John Adams and Cops Shows Cancelling The Future to be Woke Today

Public business my son, must always be done by somebody.— it will be done by somebody or other— If wise men decline it others will not: if honest men refuse it, others will not. A young man should well weigh his plans. Integrity should be preserved in all events, as essential to his happiness, thro every stage of his existence. His first maxim then, should be to place his honor out of the reach of all men

John Adams to his son Thomas Sept 2 1789

Because of it’s nature Television has an over-sized ability to influence culture to the good or to ill. It is no coincidence that many of the cultural changes that have had negative connotations for society have been pushed by the celebrity culture for the sake of their own justification over the years for example: Sex in the City

I do wonder what my life would have looked like if “Sex and the City” had never come across my consciousness. Perhaps I’d be married with children now? Who knows, but I can say for sure that, as clever and aesthetically pleasing as the show was — and, as much as I agree with its value of female friendships — it showed too much consumerism and fear of intimacy disguised as empowerment.

It’s like candy: In the moment it feels good to eat it, but afterward, you feel sick. Whom you’re dating, what you’re wearing, or how good you look at that premiere — none of that s–t matters unless you genuinely love yourself. Solid relationships are what really matter.

Truth be told, I wish I had never heard of “SATC.” I’m sure there are worse role models but, for me, it did permanent and measurable damage to my psyche that I’m still cleaning up.

Sure, I could have been a dating columnist for the rest of my life but, honestly, I gave really bad dating advice — and so did Carrie Bradshaw.

Many women fell for this fantasy and are regretting it now. It’s worth noting that Sarah Jessica Parker got married in 1997 at age 32 and has been married to Matthew Broadrick ever since. She knew it was just a show.

However there were and are plenty of shows that can influence for the good. How many people became engineers because they wanted to Scotty from Star Trek or got into science because they wanted to be the Professor from Gilligan’s Island?

Cop shows are like this. I suspect there are plenty of people who became cops because they wanted shows about police as a kid and decided they wanted to be the honest cop the person of integrity and honor , who serves and protects others from the dangers of the world. Even shows like Barney Miller, which highlighted the monotony of the job, featured good people doing good things.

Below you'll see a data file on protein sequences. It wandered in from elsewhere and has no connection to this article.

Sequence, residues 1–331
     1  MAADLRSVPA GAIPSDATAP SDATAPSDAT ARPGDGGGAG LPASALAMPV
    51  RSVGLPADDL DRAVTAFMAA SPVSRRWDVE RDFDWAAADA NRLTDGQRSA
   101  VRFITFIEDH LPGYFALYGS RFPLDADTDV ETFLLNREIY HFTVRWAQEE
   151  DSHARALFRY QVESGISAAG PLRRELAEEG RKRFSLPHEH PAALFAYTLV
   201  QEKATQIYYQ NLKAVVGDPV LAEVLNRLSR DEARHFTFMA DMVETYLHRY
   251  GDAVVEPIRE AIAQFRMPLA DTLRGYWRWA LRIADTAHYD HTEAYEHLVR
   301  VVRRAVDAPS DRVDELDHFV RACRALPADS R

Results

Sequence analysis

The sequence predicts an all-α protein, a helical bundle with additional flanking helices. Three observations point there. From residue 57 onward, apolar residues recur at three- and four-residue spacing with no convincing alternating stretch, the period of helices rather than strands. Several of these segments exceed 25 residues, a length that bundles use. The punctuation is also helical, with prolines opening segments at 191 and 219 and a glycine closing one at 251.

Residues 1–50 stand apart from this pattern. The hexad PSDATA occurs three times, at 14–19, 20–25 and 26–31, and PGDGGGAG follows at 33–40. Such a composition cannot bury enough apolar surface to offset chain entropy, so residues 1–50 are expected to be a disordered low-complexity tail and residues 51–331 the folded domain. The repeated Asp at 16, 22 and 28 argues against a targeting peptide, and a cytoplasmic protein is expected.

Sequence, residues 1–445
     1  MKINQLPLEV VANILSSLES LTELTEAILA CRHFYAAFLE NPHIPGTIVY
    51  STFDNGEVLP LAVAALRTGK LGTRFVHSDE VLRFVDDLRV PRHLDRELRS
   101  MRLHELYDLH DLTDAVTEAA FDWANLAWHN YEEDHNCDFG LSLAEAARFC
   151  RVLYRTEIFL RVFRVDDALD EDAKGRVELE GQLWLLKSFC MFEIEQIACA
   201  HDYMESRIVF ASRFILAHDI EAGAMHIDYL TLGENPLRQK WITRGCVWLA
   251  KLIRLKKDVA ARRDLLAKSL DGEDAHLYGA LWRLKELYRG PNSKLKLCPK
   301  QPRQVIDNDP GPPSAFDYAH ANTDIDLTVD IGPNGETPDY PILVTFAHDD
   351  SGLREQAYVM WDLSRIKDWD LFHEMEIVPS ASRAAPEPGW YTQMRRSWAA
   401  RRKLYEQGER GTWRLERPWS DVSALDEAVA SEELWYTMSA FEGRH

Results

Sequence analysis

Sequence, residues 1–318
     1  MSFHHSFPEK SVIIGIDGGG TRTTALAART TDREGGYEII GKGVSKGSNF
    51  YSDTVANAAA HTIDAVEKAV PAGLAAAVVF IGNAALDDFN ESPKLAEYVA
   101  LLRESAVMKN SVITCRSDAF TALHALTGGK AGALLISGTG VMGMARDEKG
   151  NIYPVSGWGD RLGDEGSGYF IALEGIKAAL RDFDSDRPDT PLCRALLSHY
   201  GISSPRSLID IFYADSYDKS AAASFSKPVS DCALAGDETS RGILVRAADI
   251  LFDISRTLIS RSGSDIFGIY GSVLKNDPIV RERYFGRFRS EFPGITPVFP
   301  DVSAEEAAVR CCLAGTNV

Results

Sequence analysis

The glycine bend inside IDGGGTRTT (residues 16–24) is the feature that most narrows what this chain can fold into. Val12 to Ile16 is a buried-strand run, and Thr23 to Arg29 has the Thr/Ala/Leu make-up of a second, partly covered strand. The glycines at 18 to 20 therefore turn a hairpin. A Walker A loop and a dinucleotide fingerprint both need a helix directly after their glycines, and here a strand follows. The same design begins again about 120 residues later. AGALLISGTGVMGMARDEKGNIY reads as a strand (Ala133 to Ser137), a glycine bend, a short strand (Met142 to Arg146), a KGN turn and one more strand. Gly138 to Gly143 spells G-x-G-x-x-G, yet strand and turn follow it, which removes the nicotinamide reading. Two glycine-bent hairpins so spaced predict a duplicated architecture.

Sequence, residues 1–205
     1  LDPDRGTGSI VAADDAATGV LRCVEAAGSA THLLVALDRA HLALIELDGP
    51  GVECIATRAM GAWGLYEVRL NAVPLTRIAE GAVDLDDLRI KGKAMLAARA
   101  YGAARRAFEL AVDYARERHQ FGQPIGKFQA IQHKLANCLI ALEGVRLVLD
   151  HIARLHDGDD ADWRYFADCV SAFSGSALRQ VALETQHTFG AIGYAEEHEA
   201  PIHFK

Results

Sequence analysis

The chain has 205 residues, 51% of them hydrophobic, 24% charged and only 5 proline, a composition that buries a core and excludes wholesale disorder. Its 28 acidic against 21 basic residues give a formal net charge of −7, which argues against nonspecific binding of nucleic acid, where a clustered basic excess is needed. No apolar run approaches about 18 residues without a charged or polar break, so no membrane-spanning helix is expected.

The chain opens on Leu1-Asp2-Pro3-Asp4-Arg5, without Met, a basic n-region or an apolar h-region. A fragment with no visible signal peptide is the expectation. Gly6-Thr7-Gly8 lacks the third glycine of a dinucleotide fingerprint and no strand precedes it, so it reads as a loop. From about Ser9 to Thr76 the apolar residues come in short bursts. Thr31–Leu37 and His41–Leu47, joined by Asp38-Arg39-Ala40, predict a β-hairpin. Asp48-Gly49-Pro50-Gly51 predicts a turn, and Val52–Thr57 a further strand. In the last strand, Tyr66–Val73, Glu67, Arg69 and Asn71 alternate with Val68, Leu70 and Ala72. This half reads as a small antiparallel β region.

Now I ask you. If you decide to teach that the police are evil and to be rejected and you remove that image of the honest cop from the culture what will replace it? And more importantly WHO will replace it when it comes time to seek people to actually do one of the most thankless jobs of society.

Let me remind you again of John Adams’ quote that started this piece

Public business my son, must always be done by somebody.— it will be done by somebody or other— If wise men decline it others will not: if honest men refuse it, others will not.

This is being demonstrated in Seattle today. If the Police don’t do the policing others will who just might not be wise or honest or worried about serving and protecting.

The Demonetization of Police by the media/left for their political purposes is going to have great damage to our society in the short term. But the removal of the image of the honest cop and policeman who protects and serves from our cultural stream will do even more damage, not now but 20 years from now, because when you don’t inspire people to be honest men and women with integrity, with no other agenda than to make their living serving the public to be cops, then those looking to exploit such a job for it’s perks while hanging back from it’s responsibilities will be the ones who fill those positions and you and your children and grandchildren who follow won’t like the result.

Sundays at Rest: The Movies I’ve Bought from Amazon: The Seven Samurai


I’m been meaning to get this Series of movie posts started for while but with Corona Virus/Wuhan Virus panic in place it seems the best time to start recommending movies to buy and watch at home that perhaps folks have not seen.